Tera Lynn Childs's Blog, page 6

May 15, 2015



The hibiscus have returned. #nature #flowers #spring

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Published on May 15, 2015 07:26 • 2 views

May 14, 2015





















lindsreadsya:



quench your THIRST: young adult titles underwater

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Published on May 14, 2015 14:00 • 9 views

May 13, 2015



thelyonwriter:



April Book Photo Challenge

day 21: mythology

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Published on May 13, 2015 20:00 • 7 views


The wars that inspired Game of Thrones

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Published on May 13, 2015 16:00 • 2 views
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Plot can be an overwhelming thing. The idea of knowing every last moment of your story, of making sure that you can get from A to B and then Z and back again without losing your reader or your mind is a daunting task for any writer.

Whether you’re a plotter who likes to know every step before you start or you’re a pantser who wants to dive in and feel your way though, it’s always a good idea to have some great references for those moments when you feel lost or stuck. If you don’t know where to start or you’ve gotten lost along the way, here are some great places to help you untangle the great plot knot.

Dan Wells on Story Structure – This is a great YouTube playlist of a workshop on Dan’s Seven Point Story Structure. If you only check out one thing on the list, I recommend this. It’s simple but smart.Save the Cat by Blake Snyder – One of the simplest and yet powerful story structures out there. Developed for screenwriting, but equally useful for fiction. (This link includes a nice summary, but I recommend reading the book.)The Snowflake Method – If you’re looking for a more specific, step-by-step method for developing your plot, you might like this one.Aristotle’s Poetics – The classic work on story structure, the language can be a bit thick to swim through but the basic principles are still relevant today.Backwards & Forwards – This book is about play analysis, but the concepts of story purpose and audience focus are just as important to fiction writers.Dramatic Structure – If five-act structure was good enough for the great William Shakespeare, it’s good enough for anyone.The Writer’s Journey – Another screenwriting book, but one that based on Star Wars and Joseph Campbell’s monomyth theories.The Eight Sequences – Again, a screenwriting structure, this one based on old school movies that had to fit on fifteen minute reels.Michael Hauge’s Six Stage Story Structure – Yet another screenwriting method and one of my personal faves. (Check out dramatica.com for summaries of a bunch of screenwriting methods, including helpful infographics.)GMC by Deb Dixon – Character is plot and plot is character. This book explores how to use character goal, motivation, and conflict to structure your story.Chuck Wendig on Plot – (Warning: NSFW language.) A fantastic list of 25 ways to plot your novel, from moment-by-moment outline to vomit draft.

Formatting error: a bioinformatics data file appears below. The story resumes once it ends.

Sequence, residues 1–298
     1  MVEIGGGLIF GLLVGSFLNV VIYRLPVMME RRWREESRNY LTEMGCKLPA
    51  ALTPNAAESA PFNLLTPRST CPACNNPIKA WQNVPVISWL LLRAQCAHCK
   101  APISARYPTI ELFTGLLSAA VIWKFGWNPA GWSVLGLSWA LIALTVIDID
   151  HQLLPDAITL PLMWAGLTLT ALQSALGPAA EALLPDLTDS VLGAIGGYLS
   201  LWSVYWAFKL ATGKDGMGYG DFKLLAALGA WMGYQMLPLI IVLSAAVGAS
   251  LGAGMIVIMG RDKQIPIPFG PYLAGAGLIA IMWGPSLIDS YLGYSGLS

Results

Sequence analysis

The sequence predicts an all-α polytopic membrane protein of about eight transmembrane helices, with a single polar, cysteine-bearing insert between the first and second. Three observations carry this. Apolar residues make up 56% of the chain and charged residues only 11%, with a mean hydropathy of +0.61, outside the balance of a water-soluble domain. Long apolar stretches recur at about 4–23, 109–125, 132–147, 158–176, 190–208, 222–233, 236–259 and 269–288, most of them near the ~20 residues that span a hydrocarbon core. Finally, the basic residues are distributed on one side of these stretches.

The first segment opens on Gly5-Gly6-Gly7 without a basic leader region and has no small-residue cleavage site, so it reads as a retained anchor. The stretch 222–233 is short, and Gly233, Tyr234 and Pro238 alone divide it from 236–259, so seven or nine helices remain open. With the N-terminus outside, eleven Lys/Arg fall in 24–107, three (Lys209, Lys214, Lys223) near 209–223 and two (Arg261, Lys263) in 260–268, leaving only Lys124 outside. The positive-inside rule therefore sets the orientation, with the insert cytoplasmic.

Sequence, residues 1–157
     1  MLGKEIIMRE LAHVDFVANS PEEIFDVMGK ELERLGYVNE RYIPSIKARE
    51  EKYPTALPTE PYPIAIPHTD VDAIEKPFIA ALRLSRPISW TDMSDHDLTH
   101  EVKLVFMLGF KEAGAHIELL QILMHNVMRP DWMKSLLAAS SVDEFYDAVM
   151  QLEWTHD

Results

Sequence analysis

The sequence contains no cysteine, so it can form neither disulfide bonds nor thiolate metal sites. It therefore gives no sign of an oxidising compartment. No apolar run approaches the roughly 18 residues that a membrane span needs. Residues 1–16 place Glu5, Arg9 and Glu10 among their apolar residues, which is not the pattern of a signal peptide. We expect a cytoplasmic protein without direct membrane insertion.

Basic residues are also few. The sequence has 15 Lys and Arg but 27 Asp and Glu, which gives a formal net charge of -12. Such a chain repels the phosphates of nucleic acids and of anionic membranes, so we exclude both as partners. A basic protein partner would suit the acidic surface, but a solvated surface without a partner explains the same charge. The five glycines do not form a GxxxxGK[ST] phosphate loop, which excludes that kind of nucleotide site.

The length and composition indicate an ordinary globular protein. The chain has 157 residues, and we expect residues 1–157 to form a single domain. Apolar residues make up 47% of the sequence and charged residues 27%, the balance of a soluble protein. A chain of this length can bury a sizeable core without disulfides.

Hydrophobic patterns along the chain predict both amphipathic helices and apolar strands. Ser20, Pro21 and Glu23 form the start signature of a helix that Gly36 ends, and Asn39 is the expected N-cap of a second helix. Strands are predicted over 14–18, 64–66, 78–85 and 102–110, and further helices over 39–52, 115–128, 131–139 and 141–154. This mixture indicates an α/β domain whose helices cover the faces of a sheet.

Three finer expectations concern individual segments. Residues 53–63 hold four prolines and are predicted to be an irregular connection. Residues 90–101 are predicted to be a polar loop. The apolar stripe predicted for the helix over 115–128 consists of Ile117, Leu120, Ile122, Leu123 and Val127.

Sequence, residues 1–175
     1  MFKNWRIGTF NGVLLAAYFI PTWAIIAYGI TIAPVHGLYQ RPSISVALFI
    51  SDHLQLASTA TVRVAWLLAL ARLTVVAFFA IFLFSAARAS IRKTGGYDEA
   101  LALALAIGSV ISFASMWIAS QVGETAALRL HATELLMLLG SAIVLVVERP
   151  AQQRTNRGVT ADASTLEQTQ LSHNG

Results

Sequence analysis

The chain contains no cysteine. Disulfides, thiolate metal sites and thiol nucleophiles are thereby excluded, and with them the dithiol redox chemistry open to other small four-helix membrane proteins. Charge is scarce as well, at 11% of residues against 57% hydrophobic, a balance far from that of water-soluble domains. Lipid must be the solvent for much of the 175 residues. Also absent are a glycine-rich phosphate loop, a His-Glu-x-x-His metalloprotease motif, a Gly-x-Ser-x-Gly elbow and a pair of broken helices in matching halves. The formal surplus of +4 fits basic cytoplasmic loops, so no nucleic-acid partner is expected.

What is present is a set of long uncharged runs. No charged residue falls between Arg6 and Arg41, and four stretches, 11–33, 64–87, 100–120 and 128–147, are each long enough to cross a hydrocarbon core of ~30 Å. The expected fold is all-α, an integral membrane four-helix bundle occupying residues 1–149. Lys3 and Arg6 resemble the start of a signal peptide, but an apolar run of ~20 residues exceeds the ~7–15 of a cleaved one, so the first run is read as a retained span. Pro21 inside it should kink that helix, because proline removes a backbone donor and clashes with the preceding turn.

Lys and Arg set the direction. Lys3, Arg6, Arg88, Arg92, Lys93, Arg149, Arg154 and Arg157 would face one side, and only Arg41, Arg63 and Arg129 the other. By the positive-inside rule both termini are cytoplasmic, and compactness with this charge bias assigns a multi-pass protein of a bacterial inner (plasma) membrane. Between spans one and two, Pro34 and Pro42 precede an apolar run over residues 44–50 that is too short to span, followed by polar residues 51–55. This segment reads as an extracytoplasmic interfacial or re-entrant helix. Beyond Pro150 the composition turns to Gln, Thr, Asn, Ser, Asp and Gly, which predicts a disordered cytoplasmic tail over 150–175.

Those are my go-to references when I need a little bit of plotspiration. But there are so many books and blogs and other sources out there. Have I left out any great ones? What are your favorite plotting resources?

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Published on May 13, 2015 10:00 • 11 views

May 12, 2015



“If there’s a book that you want to read, but it hasn’t been written yet, then you must write it.” ~ Toni Morrison #writingquotes

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Published on May 12, 2015 06:36 • 3 views

May 4, 2015

A video posted by Tera Lynn Childs (@teralynnchilds) on May 4, 2015 at 2:54am PDT




Bye for now, London. #TLCtravels (at Thameslink Rail)

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Published on May 04, 2015 02:54 • 6 views